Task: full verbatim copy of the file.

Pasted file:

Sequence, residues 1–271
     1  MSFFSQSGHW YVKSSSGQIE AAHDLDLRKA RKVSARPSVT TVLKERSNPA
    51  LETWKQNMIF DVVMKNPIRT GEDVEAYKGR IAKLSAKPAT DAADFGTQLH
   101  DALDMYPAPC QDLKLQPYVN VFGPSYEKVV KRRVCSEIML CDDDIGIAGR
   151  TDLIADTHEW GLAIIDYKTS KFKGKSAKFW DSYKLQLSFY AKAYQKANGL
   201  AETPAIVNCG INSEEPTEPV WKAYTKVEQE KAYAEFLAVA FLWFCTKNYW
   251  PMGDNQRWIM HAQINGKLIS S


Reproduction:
Sequence, residues 1–271
     1  MSFFSQSGHW YVKSSSGQIE AAHDLDLRKA RKVSARPSVT TVLKERSNPA
    51  LETWKQNMIF DVVMKNPIRT GEDVEAYKGR IAKLSAKPAT DAADFGTQLH
   101  DALDMYPAPC QDLKLQPYVN VFGPSYEKVV KRRVCSEIML CDDDIGIAGR
   151  TDLIADTHEW GLAIIDYKTS KFKGKSAKFW DSYKLQLSFY AKAYQKANGL
   201  AETPAIVNCG INSEEPTEPV WKAYTKVEQE KAYAEFLAVA FLWFCTKNYW
   251  PMGDNQRWIM HAQINGKLIS S